Having a 1976 Ford Pinto that was struck by lightning, seemingly nothing happened. Although, after about a month or so (memory does not recall time lapse but it seemed short) the charging system quit working and then the electronic spark module quit working. The radio never seemed to tune in stations very good. Then when I thought I had everything fixed, the engine started knocking due to a cracked piston skirt. Coincidence?
That was a very interesting scenario - which also hits home as to why pilots need to be trained how to fly when losing instrument orientation - those guys knew what to do!
I really appreciated the solution they came up with - an obvious fix because they related it to similar problems with a known solution and out of the box thinking to make it work for their particular situation. I would have liked to seen it implemented!
This is fortunate that the planes are designed with compass redundancy. If there had been only one compass and the plane was flying at night, the pilot could have been flying in the total wrong direction for a long time before seeing the error.
I used to design warning equipment for cranes and the equipment was frequently damaged by lightning strikes. I had a small collection of artifacts and was amazed by the strange paths the charge would follow. I had one unit with a neat 1/8" hole blown through a filter capacitor so that you could see through to the other side. The capacitor still tested good, but the chassis behind the capacitor had a 1/2" hole of melted steel.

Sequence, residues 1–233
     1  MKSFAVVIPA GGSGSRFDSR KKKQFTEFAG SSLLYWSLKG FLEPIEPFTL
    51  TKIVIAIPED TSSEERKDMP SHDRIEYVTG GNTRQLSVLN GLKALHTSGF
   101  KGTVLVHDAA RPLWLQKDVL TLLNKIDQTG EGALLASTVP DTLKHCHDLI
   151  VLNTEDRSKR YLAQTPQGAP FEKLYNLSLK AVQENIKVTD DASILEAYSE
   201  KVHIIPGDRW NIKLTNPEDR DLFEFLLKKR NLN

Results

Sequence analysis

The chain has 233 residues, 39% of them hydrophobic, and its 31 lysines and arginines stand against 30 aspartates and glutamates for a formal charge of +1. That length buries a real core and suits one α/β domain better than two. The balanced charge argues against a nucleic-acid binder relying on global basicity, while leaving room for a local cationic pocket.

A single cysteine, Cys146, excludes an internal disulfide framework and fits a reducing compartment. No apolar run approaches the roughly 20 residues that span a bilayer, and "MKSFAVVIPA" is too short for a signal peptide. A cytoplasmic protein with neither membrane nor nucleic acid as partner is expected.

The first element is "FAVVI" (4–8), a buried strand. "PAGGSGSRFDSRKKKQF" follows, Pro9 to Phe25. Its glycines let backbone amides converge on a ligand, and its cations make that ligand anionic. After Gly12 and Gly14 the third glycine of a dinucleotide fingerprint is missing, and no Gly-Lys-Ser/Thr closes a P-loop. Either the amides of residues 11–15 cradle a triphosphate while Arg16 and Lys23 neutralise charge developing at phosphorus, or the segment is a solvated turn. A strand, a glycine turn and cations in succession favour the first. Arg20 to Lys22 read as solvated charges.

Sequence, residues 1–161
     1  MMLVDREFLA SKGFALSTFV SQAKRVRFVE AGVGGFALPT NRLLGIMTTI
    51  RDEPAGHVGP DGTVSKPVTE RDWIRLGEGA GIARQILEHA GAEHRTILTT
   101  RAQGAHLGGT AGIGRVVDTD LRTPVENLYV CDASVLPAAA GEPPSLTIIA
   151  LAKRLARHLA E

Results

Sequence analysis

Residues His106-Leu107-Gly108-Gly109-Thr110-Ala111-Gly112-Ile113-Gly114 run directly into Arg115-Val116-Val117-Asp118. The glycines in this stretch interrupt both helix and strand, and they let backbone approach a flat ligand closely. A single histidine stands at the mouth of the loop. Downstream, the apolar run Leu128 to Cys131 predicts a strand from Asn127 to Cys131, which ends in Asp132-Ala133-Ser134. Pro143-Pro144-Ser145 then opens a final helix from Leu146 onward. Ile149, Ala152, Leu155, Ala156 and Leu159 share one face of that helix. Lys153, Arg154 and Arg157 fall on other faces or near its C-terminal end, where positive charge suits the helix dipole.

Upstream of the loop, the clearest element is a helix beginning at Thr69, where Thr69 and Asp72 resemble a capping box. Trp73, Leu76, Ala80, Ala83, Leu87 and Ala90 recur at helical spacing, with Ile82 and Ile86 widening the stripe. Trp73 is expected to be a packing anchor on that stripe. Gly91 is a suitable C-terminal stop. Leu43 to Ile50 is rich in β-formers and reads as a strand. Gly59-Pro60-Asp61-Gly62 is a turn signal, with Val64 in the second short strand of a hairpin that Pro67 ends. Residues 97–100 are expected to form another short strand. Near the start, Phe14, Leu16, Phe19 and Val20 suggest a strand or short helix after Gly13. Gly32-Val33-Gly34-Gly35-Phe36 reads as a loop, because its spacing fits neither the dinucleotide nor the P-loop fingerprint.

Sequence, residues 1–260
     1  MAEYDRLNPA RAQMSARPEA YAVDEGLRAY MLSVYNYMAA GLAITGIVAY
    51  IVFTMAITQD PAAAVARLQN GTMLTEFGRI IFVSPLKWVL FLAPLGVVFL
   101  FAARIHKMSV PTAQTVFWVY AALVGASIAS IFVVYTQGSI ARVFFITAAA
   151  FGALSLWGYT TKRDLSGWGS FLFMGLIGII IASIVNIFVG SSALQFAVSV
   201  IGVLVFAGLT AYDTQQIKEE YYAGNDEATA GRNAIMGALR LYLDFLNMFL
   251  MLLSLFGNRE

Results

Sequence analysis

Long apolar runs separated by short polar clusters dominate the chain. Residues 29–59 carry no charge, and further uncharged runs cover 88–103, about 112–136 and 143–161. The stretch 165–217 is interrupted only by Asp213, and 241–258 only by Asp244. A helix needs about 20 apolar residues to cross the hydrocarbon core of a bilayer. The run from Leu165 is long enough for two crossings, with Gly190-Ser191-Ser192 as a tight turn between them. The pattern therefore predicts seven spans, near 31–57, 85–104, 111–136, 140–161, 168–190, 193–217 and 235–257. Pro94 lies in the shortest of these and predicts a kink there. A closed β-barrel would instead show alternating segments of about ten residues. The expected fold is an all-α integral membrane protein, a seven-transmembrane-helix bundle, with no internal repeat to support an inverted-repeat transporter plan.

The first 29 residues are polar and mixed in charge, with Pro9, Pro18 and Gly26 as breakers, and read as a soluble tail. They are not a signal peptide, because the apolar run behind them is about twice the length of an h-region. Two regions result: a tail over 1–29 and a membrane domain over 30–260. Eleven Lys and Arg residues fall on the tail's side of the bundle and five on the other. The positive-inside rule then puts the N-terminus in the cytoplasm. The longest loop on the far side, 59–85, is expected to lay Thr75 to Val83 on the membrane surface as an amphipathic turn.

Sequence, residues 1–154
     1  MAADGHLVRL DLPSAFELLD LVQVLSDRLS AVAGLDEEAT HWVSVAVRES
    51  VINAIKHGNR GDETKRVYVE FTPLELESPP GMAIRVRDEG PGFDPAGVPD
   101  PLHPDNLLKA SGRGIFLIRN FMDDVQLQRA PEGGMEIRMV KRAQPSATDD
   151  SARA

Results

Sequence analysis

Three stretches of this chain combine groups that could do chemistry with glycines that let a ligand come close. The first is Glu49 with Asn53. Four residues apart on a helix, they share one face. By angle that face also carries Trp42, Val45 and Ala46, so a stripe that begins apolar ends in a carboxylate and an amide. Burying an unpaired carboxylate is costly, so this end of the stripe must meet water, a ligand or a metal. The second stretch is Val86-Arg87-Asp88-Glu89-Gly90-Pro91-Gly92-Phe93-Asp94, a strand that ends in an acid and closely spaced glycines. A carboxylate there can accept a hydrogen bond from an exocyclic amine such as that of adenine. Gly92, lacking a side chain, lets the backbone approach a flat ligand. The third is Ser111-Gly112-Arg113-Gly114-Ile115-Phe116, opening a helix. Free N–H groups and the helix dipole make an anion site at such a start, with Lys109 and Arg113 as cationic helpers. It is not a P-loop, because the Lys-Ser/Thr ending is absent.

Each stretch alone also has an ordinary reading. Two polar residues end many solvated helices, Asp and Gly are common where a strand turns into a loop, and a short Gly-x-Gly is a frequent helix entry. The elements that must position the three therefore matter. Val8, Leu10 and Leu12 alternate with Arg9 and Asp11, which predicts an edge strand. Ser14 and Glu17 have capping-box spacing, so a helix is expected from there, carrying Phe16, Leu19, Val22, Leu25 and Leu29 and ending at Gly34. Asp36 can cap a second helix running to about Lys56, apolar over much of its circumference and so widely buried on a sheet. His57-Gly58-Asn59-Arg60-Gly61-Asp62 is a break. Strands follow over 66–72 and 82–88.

Dan, you mention that this could happen to a steel car, and that is may be correct. There is a bit of a difference, since the car is typically a cage, or enclosed structure, while the plate you mention is not.
Cars are said to be a safe place to ride out a lighting storm since they create this Faraday cage effect and becuase the rubber tires insulate the vehicle from the ground. This helps protect the passengers. With all the talk about cars made of composites to save weight, we may loose this safety feature.
Fifty-six-year-old Pasquale Russo has been doing metalwork for more than 30 years in a tiny southern Italy village. Many craftsmen like him brought with them fabrication skills when they came from the Old World to America.
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